TOP STORY—Gensler calls for more investor protection in crypto space - 02 December 2021
In a fireside chat with his direct predecessor at the DACOM Summit, Chair Gensler urged crypto trading and lending platforms to talk with the SEC about operating within the securities rules.
In a conversation at the Digital Asset Compliance & Market Integrity Summit, SEC Chair Gary Gensler repeatedly stressed that innovations like crypto and DeFi will not survive outside of the regulatory framework. “Outside of public policy norms, people get hurt, and trust is diminished,” he told former SEC Chairman Jay Clayton, who acted as interviewer. Whether it’s a trading platform or a token, entrepreneurs should meet with the SEC to find a path to registering and coming within the investor protection remit, Gensler said.
Public policy. Speaking of crypto, Gensler said, “We don’t have sufficient investor protection in this space,” which is a multi-trillion-dollar asset class. Without investor protection, people will be hurt, and trust will be undermined, jeopardizing the future of these new technologies. The chair said that there will be a “spill in aisle 3” and when that happens, the public will ask where the official sector was to prevent it. That spill could take the form of financial stability given the growth of lending in the crypto space, or it could come from stablecoin, or simply from the investing public either not having enough disclosure or outright being defrauded. The core of the bargain in our markets is that investors decide what risks they want to take, but those raising money need to share full and fair disclosure, Gensler emphasized.
Likewise, institutional investment in crypto will not evolve well outside of the tenets of public policy, said Gensler in response to a question from Clayton about the retail/investor divide. Institutional investing implicates not only investor protection but also anti-money-laundering, tax compliance, and guarding for financial stability. Gensler added that institutional investors want to see progress on custody, given that the private key is at the heart of crypto tech and if someone steals the key, they are stealing value. He said that there are many opportunities to make progress in these areas. The two key issues are, first, what is the value proposition? That’s for the markets for decide, but the second issue is for regulators to ensure that this happens within public policy frameworks.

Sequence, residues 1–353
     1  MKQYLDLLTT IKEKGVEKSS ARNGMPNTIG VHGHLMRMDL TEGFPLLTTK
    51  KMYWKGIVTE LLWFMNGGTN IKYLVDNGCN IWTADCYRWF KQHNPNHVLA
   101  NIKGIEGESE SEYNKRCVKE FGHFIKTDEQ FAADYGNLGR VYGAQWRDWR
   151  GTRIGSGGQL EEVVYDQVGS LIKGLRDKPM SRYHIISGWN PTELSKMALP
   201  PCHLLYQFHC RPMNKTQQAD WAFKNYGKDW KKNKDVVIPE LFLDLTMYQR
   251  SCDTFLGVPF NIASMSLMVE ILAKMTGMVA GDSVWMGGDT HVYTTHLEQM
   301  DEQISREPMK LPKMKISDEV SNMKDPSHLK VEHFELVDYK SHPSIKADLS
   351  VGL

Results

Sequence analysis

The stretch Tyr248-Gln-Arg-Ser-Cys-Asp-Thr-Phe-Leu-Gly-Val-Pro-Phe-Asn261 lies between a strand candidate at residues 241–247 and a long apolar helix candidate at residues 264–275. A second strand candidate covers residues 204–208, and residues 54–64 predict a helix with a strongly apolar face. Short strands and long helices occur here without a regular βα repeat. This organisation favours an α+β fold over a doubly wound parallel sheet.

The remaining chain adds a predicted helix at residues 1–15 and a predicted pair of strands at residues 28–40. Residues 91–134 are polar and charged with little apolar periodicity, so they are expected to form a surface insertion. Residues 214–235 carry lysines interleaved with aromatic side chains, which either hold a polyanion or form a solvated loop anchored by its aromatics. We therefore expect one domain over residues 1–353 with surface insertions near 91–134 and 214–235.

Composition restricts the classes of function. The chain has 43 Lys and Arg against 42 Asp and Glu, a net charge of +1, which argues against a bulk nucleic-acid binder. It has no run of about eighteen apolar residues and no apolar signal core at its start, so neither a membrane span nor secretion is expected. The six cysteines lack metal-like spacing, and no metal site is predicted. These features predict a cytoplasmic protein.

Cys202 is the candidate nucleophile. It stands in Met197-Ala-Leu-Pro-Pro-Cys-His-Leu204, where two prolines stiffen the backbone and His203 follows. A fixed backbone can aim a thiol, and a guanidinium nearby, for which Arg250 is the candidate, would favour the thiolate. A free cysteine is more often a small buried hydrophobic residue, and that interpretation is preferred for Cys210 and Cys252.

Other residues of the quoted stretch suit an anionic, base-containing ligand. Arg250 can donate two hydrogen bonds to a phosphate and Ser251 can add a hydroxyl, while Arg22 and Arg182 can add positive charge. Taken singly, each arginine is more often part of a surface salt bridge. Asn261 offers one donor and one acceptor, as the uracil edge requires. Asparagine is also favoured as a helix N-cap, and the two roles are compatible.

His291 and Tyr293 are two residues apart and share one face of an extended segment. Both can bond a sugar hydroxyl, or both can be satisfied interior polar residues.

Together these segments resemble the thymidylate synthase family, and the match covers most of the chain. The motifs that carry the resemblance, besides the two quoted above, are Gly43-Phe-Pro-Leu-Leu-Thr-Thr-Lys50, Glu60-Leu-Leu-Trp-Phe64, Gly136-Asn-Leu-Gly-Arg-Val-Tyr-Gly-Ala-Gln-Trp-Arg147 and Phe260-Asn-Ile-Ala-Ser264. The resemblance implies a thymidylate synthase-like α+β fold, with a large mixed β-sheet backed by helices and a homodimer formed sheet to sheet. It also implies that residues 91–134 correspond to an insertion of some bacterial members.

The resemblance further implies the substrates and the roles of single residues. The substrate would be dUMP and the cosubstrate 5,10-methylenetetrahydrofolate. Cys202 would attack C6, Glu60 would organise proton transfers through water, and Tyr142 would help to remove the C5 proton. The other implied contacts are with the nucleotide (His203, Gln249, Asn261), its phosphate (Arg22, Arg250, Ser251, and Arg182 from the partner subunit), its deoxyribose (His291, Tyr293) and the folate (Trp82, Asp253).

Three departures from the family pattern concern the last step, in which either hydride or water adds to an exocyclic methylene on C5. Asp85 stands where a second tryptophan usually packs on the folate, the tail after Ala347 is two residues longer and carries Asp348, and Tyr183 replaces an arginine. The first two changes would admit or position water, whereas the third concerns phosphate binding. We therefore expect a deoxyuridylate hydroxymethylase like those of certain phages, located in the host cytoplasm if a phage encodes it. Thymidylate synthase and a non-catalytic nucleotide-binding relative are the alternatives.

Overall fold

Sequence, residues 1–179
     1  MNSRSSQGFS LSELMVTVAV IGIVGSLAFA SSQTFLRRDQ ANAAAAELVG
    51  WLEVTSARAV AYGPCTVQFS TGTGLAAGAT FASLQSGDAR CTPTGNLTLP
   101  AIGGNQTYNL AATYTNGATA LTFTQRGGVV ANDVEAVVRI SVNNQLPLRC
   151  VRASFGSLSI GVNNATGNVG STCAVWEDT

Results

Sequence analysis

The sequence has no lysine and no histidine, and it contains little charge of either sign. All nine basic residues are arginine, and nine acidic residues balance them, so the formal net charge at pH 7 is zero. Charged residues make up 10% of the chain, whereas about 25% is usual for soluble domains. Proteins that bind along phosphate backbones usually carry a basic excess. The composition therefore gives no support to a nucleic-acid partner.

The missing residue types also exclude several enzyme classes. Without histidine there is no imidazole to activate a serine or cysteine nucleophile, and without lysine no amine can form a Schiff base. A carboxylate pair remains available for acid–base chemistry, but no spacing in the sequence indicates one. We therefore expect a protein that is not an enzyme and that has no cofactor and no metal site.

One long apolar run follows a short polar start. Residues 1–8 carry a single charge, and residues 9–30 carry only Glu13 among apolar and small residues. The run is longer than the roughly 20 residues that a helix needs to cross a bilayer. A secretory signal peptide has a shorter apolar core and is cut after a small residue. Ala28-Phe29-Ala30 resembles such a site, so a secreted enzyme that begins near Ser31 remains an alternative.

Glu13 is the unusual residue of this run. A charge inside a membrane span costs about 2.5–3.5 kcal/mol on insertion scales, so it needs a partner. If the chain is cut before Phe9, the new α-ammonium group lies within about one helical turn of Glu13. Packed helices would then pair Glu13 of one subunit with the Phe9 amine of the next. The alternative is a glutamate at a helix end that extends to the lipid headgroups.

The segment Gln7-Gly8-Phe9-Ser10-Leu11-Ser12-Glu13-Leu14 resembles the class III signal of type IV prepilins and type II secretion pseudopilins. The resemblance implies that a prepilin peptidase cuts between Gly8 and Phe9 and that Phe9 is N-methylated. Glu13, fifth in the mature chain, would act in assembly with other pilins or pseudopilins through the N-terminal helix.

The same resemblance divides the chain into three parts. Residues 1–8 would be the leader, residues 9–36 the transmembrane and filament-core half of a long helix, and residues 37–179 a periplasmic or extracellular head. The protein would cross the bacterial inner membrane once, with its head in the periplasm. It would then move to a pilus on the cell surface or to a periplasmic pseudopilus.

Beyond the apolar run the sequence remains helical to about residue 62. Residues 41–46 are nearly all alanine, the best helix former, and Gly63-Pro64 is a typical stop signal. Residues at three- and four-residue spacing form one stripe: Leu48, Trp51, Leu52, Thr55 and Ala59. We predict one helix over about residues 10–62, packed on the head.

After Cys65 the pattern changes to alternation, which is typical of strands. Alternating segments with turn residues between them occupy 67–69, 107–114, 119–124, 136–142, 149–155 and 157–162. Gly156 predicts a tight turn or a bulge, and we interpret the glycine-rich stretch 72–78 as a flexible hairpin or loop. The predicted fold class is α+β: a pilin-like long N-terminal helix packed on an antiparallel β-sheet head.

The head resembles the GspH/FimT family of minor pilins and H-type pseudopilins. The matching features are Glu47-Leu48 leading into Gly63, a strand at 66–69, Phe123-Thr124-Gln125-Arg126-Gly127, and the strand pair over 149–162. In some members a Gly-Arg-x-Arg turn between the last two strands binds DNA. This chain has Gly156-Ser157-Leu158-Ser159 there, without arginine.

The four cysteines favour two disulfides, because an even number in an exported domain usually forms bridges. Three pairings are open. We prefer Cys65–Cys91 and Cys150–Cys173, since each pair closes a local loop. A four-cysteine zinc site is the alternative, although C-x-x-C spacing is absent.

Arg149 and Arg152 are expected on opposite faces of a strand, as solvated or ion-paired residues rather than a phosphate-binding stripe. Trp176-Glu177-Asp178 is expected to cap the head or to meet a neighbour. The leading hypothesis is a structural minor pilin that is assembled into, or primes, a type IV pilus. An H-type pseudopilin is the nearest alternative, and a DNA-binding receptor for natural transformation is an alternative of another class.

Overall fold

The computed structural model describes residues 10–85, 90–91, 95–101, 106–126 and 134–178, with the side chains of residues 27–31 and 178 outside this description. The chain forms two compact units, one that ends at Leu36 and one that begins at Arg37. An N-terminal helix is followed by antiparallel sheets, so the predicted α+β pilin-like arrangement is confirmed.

CeFi to DeFi. Clayton also spoke about the transition from centralized finance to decentralized, or DeFi. “If we assume people have the best intentions, how do we regulate a system where we’re moving from CeFi to DeFi?” he asked. Gensler first pushed back on the assumption of honesty, observing that bitcoin is used for ransomware around the globe. But he added that economics drives systems toward some centrality and it is rare to have a trading or lending market without it. On a specific example of peer-to-peer lending, when it came on the scene in the mid-00’s, it took a few years and an enforcement action for the SEC to hammer out that the platforms were raising money, pooling funds, and offering a return based on their efforts, looking like a security under the traditional tests. Similarly, so-called “decentralized finance” (Gensler’s quotes) has spurred innovation, but it still maintains some centralization, offers some return, with tokens that have some governance—many aspects shared with traditional finance.